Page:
Sunday, September 14, 2014

Apps and Websites for Your Classroom Library

I asked for recommendations for classroom library apps and websites, and my Facebook followers did not disappoint. There were five apps mentioned, so I decided to give them all a whirl to see which one fits my needs.

Scholastic Book Wizard Mobile - FREE
This is the app that a first tried. I got a box of books from a Scholastic book order, and I thought that I would give it a shot. I quickly got frustrated as books that I bought FROM THEM did not scan or appear in their database. The search option did not bring them up, either. Out of the 23 books I tested, it only found 18. If they could update their database, this one might actually be pretty decent because you can export your list for end-of-year inventory and such. It also has a pretty nice synopsis of each book.

Literacy Leveler - $3.99
This one is only an app. The library is pretty extensive - it found most of my books. I was able to search to find the rest. Within the app, you can sort by title, author, Lexile, DRA, and GRL. If you could export the list for inventory purposes, it would be awesome.

Level It Books - $3.99
This is also just an app. I was able to scan or search for 22 of the 23 books. This one also has an option to check in and out books. There are a few other features that I don't need, but there is no ability to export the list.

Book Retriever - $0.99
I couldn't get it to scan a single book. The connection kept failing. And I'm not even going to see if I can enter them manually. Next...

Classroom Organizer - FREE
This is an app and a {website}. I could scan or search for all 23 books. I can export the list to Excel. Books can be checked in and out. The app crashed a few times for me, so there's definite room for improvement.

One follower also mentioned that she purchased a {book scanner} on Amazon. While I am all for all things technology, at $80ish, I'm going to explore the other routes first. But I might just get one anyway, because it looks really fun...

Feel free to comment with other apps and websites that I may have overlooked. The perfect one has to be out there somewhere!

Saturday, September 13, 2014

Constitution Day - September 17

Constitution Day is quickly approaching! This is one holiday that sneaks up on me every year, and then I frantically look for something that I can use in isolation while I'm right in the middle of my Native American social studies unit.

This year, I'm going to address Constitution Day in reading instead of social studies. I wrote some close reading passages about the Constitution with second read, third read, and writing response activities. They are at {TpT} if you would like to do the activities with your class. I also included a basic how-to on close reading if you've never tried it with your class before.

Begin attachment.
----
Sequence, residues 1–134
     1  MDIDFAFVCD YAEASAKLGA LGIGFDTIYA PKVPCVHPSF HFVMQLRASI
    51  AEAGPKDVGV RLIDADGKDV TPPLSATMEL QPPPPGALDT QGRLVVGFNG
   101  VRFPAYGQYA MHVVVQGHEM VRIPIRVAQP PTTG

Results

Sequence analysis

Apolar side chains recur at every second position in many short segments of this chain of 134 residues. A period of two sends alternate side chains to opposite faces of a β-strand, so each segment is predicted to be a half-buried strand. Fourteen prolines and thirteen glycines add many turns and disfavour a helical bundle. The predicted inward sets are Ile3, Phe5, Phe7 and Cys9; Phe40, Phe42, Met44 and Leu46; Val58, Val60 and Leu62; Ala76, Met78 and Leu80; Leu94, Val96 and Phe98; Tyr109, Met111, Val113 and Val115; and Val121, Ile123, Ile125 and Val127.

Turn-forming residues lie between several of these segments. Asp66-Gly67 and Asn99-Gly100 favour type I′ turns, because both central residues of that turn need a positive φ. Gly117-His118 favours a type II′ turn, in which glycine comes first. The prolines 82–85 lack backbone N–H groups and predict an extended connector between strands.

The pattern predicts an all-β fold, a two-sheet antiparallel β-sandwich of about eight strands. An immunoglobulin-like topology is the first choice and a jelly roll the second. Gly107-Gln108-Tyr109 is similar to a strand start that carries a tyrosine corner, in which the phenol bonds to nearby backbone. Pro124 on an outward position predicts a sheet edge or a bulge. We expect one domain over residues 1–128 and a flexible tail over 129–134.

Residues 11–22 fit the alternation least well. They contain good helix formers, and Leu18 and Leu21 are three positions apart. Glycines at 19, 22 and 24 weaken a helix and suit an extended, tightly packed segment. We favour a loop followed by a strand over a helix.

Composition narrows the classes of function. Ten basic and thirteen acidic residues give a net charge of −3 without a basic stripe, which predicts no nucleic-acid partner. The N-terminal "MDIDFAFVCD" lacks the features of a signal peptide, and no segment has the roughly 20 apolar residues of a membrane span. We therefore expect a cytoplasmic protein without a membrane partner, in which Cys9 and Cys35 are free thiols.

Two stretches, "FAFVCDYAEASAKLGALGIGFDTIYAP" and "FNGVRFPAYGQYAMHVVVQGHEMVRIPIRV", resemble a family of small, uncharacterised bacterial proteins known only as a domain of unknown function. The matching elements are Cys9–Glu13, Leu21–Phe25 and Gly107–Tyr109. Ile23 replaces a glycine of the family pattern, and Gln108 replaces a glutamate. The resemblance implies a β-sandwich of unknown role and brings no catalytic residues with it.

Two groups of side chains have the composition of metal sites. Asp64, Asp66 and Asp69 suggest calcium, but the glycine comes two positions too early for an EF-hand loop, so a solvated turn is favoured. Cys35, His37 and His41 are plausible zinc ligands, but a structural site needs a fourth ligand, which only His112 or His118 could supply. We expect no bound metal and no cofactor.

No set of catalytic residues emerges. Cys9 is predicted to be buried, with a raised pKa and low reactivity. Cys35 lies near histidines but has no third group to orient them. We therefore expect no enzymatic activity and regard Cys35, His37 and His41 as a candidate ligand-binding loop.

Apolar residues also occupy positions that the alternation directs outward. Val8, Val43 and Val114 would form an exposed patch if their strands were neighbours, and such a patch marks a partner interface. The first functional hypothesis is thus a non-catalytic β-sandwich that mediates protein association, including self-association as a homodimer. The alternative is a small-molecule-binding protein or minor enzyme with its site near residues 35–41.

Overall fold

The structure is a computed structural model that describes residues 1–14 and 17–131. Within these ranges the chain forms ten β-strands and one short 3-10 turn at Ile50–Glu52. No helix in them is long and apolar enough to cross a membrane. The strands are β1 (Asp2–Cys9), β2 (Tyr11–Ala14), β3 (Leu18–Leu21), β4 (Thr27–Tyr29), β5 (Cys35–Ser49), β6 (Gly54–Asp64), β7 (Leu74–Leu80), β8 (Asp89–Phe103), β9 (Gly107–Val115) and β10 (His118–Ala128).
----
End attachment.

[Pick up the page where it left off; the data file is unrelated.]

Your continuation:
I hope that it will come in handy for your last-minute Constitution Day planning!! And of course, any positive feedback left for me would be appreciated!

Friday, September 12, 2014

Happy Class

Very quick post.

I detest making seating charts. Like, really, really, really hate it. Another blogger (and I cannot for the life of me remember who...) blogged about {Happy Class}. Happy Class is a free website (you can upgrade for more options) that will create your seating chart for you. You can mark seating preferences (front of room, etc.) and mark which kids should and should not be seated near each other.

The only drawback to the free version is that you get only one room arrangement and one class roster. But if you are self-contained, then that shouldn't be an issue.

Tuesday, September 9, 2014

Sunday Scoop on Tuesday

I have a drought going on over here, so just making a quick post to let you all know that I'm still around...

Friday, August 29, 2014

Week in Review - 8/29

This week was the last week of reviewing skills and doing the last bit of beginning-of-the-year stuff before we dig into some new content next week. I feel that I'm struggling every day to keep up with my new district's expectations and procedures, ie. entering kids into the Wonders site, scheduling this and filling out that. I'm absolutely exhausted every night. Hopefully, settling into some sort of a routine is right around the corner...

This week we set up our Reading INBs. One of my coworkers read Reading in the Wild this summer (I STILL haven't had time to read this), and she shared with us how she did reading notebooks. I decided to set mine up in a similar fashion, but instead of doing a section for reading letters (I have to use Wonders a lot this year - long story), I'm going to use the last section (Resources) for Erin's {interactive literature notebook}.